Smart Politics examined the 2,000 statewide elections for president conducted since 1828 and found that 21 of the 80 six-cycle partisan statewide winning streaks ended in the next cycle (26 percent) including 18 of 44 that occurred since 1932 (41 percent).

Since 1828, there have been 90 instances in which a political party has recorded a six-cycle (20-year) winning streak in a state, and each of the 50 states has tallied at least one of them.

Of these 90 streaks, 59 continued with a win in the seventh cycle while 21 came to an end. [The outcome in ten others are yet to be determined in 2016, as detailed above].

For the first century of the modern two-party era (1828-1928), it was extremely unusual for a winning streak that reached 20 years to end in the seventh cycle.

Out of 36 occurrences across 29 states it happened only three times (8.3 percent):

  • New Hampshire voted for Democrats from 1832 through 1852 but backed John Frémont, the first Republican nominee, over James Buchanan by 8.0 points in 1856
  • Arkansas had voted for the Democratic nominee for its first six elections after achieving statehood (1836-1856) but its voters overwhelming supported the Southern Democratic nominee in 1860, Vice President John Breckenridge, with Democratic nominee Stephen Douglas languishing in single digits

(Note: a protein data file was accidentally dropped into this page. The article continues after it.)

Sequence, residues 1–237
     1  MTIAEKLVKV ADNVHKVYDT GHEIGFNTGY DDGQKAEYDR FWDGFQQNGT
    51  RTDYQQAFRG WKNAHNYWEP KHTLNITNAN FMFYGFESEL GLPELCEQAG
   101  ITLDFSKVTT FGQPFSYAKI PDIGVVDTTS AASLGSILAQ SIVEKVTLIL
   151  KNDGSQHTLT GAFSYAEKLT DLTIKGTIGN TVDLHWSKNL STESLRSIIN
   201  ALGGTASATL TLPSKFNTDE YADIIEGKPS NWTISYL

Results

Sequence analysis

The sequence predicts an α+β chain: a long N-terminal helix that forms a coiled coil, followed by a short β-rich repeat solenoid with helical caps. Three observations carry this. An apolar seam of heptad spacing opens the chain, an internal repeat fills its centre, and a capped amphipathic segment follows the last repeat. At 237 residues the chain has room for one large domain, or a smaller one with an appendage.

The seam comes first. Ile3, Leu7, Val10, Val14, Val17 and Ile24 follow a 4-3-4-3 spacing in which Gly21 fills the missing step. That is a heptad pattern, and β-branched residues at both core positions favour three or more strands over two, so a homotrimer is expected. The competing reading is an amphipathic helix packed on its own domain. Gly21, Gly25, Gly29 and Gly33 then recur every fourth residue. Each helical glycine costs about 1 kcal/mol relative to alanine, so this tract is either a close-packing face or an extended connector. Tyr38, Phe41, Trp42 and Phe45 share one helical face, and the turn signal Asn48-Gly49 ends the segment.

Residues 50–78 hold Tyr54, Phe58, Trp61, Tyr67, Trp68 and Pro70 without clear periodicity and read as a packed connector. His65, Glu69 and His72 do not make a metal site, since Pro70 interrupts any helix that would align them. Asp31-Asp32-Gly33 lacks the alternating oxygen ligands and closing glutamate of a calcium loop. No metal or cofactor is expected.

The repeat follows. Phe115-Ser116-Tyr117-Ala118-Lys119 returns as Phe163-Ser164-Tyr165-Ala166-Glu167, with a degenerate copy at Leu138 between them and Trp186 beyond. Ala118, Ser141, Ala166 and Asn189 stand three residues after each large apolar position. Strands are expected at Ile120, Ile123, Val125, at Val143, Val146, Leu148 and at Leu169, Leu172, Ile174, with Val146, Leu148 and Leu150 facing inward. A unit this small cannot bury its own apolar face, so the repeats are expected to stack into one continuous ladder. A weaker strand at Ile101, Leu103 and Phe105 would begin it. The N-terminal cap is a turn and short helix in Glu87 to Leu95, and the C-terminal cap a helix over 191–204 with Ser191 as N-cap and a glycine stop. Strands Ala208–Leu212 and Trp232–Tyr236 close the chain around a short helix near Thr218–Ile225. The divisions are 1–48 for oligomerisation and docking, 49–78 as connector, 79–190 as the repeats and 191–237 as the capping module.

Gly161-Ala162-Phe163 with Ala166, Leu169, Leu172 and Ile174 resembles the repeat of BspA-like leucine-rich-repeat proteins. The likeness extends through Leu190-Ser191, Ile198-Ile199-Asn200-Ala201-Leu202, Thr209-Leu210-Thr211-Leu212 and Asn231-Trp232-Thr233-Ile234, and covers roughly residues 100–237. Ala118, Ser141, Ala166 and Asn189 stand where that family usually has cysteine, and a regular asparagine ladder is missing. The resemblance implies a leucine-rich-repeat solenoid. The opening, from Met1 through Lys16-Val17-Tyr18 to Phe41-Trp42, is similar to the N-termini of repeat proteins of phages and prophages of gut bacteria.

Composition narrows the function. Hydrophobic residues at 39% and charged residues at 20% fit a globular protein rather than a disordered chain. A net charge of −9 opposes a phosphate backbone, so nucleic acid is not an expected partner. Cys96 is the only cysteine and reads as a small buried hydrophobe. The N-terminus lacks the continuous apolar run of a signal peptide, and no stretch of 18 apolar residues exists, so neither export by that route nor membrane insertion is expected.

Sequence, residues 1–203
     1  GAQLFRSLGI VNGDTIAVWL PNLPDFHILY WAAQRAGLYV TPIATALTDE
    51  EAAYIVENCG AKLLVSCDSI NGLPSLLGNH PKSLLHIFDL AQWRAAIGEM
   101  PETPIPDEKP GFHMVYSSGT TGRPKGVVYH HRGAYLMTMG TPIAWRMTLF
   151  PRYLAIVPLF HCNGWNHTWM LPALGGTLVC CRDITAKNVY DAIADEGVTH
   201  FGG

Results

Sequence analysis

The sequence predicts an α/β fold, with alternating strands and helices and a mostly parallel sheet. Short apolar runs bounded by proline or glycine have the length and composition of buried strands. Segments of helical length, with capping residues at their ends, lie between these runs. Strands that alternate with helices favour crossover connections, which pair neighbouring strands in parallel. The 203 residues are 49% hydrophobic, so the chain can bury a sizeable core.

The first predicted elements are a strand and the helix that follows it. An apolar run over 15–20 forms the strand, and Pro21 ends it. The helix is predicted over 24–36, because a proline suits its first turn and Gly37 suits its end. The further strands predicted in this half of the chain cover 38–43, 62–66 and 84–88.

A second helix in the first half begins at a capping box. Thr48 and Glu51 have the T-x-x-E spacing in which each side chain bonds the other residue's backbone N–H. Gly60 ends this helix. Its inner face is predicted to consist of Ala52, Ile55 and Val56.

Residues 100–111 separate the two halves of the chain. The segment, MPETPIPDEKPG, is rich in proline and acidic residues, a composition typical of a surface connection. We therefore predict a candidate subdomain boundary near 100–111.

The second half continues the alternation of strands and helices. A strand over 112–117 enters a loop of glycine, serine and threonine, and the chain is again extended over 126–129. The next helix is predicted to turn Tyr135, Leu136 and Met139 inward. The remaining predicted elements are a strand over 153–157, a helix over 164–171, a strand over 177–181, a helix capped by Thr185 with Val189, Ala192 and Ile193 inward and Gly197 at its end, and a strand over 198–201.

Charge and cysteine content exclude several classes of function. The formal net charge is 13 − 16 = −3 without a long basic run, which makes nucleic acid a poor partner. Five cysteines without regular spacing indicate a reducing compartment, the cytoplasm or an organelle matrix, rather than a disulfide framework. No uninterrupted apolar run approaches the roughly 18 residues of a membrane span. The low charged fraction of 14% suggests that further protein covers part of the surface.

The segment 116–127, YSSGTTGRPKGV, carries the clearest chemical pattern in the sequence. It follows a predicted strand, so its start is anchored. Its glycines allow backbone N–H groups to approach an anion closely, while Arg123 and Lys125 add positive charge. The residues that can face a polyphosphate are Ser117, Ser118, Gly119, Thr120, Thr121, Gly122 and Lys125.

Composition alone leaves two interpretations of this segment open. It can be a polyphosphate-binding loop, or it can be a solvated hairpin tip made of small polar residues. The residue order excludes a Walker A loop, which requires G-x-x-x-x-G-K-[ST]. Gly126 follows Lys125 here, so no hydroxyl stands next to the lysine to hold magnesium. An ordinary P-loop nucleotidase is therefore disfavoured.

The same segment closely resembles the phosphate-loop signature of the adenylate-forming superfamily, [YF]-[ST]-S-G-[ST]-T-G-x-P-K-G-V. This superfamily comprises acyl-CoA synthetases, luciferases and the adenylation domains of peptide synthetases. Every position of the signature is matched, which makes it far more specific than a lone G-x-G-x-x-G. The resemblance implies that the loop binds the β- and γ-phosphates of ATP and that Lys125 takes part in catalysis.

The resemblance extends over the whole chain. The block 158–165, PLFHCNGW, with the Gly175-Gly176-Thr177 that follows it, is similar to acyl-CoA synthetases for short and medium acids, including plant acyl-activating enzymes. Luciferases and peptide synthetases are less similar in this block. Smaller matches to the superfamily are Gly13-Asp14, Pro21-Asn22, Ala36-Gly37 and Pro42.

• Kentucky had backed the Democratic nominee from 1900 through 1920 but voted for President Calvin Coolidge by 3.0 points in 1924

However, since 1932, these generation-long partisan winning streaks have come to an end nearly as frequently as they have been extended to a seventh cycle with states flipping in 18 of 44 instances, or 40.9 percent of the time:

  • 1952: Massachusetts and Rhode Island backed Republican Dwight Eisenhower after supporting Democratic nominees from 1928-1948
  • 1956: Kentucky and West Virginia voted for Eisenhower after voting for Democrats from 1932-1952
  • 1964: Indiana, Kansas, Nebraska, North Dakota, and South Dakota backed Democrat Lyndon Johnson after Republican nominees carried the states from 1940-1960
  • 1992: California, Colorado, Illinois, Montana, Nevada, New Hampshire, New Jersey, New Mexico, and Vermont voted for Democrat Bill Clinton after the GOP won its electoral votes from 1968-1988